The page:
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I don't understand why people sometimes use 'du' instead of 'des' when the meaning of both articles is the same. For example, "some pencils" is des crayons whereas "some cheese" is du fromage.

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5 Answers

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Use du (masculine) or de la (feminine) followed by a singular noun for uncountable quantities. Use des followed by plural for countable ones.

Examples:

Du bonheur.
De la patience.
Des amis et des amies.

Sometimes there are nouns that can be both uncountable and countable:

De la bière.
Des bières. (Note: might stand for several beer cans, or several beer sorts.)


Note: du or de la don't always denote uncountable quantities, de is a widely used preposition in French.

Ils parlent de la pluie et du beau temps.

If you would like to use an undefinite quantity following a de preposition simply use de + singular (uncountable) or de + plural (countable), without an additional article. Examples:

Ils parlent de bonheur.
Ils parlent d'amis.

Note that using “du bonheur” (the general notion) would mean something different from “de bonheur” (some subset of the general notion). Same for “de l'ami” (the friend, i.e. a specific friend), “des amis” (all of them), or “d'un ami” (one of them), all are different from “d'amis” (some of them).

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Some of the most difficult words in a language are articles and prepositions. The words du and des can combine a preposition with an article, so it's inevitable that this can get a little complicated.

The word du is always a contraction of de le. The corresponding feminine form is de la, and we use de l' for the masculine when it's followed by a vowel. The plural is des. Then, to complicate matters:

  • In de la and the others, the word de can either be the preposition de (which has many meanings; the English preposition “of” is often close), or the first part of the partitive article du/de la/de l'/des.
  • The word des can not only be the plural partitive article or the preposition de run together with the definite article les, but also the plural indefinite article (plural of un).

In your example sentence, du is a partitive article. Du fromage is the singular form, and des fromages is the plural form.

The singular form du fromage uses fromage as an uncountable noun. “Je mange du fromage”: “I'm eating cheese” (or: “I'm eating some cheese”; French doesn't normally distinguish between these two). The singular is used because cheese is a substance, and I'm eating an indeterminate amount of that substance. Contrast:

  • Je mange du fromage. (I'm eating some cheese now.)
  • Je mange des fromages à pâte dure. (I eat hard cheeses. The plural is used because fromage here means “a type of cheese”.)
  • Je mange du riz. (I'm eating rice. Rice is uncountable.)
  • Je mange des pommes de terre. (I'm eating potatoes. You can count potatoes, so we use the plural — even if the potatoes happen to be in the form of purée, i.e. mashed potatoes.)
  • Je bois du thé. (I drink tea.)
  • J'ai bu trois thés aujourd'hui. (I've drunk three teas today, i.e. three cups of tea.)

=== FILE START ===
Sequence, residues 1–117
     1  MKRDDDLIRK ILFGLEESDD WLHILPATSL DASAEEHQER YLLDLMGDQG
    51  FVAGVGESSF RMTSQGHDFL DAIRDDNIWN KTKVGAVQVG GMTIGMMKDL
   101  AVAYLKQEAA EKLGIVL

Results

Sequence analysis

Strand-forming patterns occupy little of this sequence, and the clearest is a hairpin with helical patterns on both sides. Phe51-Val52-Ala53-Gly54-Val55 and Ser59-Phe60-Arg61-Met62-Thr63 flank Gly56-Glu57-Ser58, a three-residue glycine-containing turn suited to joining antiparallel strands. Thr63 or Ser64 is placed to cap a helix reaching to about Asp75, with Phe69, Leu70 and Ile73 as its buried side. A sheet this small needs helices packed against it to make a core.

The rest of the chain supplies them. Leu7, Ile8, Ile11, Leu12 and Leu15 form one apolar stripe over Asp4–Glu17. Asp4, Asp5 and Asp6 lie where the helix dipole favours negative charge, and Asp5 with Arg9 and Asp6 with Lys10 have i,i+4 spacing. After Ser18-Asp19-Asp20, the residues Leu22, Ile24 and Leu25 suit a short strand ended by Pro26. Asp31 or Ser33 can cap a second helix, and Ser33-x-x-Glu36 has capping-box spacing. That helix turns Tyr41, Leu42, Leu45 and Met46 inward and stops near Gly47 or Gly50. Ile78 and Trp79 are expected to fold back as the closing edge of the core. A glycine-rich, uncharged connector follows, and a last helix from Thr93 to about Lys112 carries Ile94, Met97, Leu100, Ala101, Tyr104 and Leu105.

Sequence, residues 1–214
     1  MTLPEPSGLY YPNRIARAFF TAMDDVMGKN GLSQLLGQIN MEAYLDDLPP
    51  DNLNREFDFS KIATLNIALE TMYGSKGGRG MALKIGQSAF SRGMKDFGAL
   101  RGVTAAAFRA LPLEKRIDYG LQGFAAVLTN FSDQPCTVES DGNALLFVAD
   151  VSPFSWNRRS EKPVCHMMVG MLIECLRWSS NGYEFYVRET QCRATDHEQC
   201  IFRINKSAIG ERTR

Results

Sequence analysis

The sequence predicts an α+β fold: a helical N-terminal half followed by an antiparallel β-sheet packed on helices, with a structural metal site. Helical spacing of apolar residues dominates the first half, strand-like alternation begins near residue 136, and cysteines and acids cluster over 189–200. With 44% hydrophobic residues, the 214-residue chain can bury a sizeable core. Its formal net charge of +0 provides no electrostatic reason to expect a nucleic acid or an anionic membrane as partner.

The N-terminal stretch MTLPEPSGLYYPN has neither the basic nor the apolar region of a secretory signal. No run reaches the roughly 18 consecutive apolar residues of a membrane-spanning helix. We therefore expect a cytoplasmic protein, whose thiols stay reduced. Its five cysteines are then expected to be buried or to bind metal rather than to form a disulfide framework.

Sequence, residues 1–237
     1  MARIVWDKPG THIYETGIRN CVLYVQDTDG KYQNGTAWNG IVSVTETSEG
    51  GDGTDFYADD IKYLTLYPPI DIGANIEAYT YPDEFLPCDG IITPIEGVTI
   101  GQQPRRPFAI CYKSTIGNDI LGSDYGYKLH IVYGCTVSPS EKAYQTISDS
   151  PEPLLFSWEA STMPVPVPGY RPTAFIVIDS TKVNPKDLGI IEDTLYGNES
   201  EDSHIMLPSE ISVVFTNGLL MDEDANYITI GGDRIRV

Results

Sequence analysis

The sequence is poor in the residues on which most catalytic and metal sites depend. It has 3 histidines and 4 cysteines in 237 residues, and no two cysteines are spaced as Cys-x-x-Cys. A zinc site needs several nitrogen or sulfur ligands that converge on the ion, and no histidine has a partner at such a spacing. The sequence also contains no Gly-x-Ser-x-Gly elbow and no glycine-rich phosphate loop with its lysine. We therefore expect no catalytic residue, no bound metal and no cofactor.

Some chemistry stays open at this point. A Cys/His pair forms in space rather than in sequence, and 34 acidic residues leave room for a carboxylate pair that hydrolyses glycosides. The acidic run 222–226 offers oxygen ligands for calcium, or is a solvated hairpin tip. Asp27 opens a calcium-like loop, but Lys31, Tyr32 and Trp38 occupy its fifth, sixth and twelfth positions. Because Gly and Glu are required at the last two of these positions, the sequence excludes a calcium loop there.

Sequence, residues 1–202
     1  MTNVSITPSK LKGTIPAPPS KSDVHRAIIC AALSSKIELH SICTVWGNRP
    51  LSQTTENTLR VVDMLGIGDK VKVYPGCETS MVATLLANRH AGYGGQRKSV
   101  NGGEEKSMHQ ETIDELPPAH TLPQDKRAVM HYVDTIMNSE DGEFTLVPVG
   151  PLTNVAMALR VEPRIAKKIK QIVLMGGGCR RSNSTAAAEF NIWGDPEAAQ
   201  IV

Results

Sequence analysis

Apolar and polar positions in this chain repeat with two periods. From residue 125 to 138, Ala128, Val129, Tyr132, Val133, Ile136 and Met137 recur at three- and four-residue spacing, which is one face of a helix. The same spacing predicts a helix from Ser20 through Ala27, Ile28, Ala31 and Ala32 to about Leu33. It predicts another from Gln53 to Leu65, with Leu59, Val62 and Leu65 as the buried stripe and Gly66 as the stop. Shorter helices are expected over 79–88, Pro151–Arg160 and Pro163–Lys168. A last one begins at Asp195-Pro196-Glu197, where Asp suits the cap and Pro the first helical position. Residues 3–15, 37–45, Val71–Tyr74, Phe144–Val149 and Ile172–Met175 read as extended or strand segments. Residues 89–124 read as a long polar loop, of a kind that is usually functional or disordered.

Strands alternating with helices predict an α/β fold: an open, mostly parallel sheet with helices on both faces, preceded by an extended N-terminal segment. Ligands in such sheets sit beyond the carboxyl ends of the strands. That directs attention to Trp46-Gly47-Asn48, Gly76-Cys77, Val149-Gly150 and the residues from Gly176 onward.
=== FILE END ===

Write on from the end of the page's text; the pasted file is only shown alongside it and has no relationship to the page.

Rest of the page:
• Je préfère les thés peu fermentés. (I prefer teas (i.e. varieties of tea) that are lightly oxidized.)

See also Usage of "d'eau" vs "de l'eau". To complicate matters even further, sometimes the plural is de instead of des — see Elle a de/des longs cheveux, Base de données ou base des données ?.

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Maybe one day we should consider a blog post with the full story :-) –  Stéphane Gimenez Jun 1 '12 at 22:46
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Jez' answers misses a crucial point, I'm afraid: you can say des fromages!

The distinction is simply between mass nouns (which allow the use of de with a singular) and count nouns (which don't). You can say Je veux des crayons (in which des does not mean "of the") because you can use that with almost all French nouns (there are very French words that are not count nouns in at least some meanings), but you can hardly say je veux du crayon because crayon is not a mass noun (vs. la mine du/des crayons, "the pencil's/pencils' lead")

The distinction is only troublesome to English speakers because English drop articles for both mass nouns and count nouns (compare I'm eating cake/cakes and je mange du/des gateaux, which make exactly the same distinction).

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Use du when the object of the sentence is singular. du is short for de le, and des is short for de les, so:

Il vient du jardin.
Je voudrais du gâteau.
Je voudrais des pommes.

In your examples, crayons is plural (so des is used) whereas fromage is singular (so du is used).

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So des crayons literally means 'of the crayons' and not 'some crayons'? –  Shitikanth Jun 1 '12 at 17:27
    
Yes, in French, they use "of the" to mean "some". –  Jez Jun 1 '12 at 17:30
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Use du (masculine) or de la (feminine) followed by a sing. noms for articles indéfinis(uncountable) while des followed by plural noms for article définis(countable).

example of articles indéfinis

Masculine sing. UN livre plur. DES livres

Feminine sing. UNE table plur. DES tables

example for articles définis

Masculine sing. LE livre plur. LES livres

Feminine sing. LA table plur. LES tables

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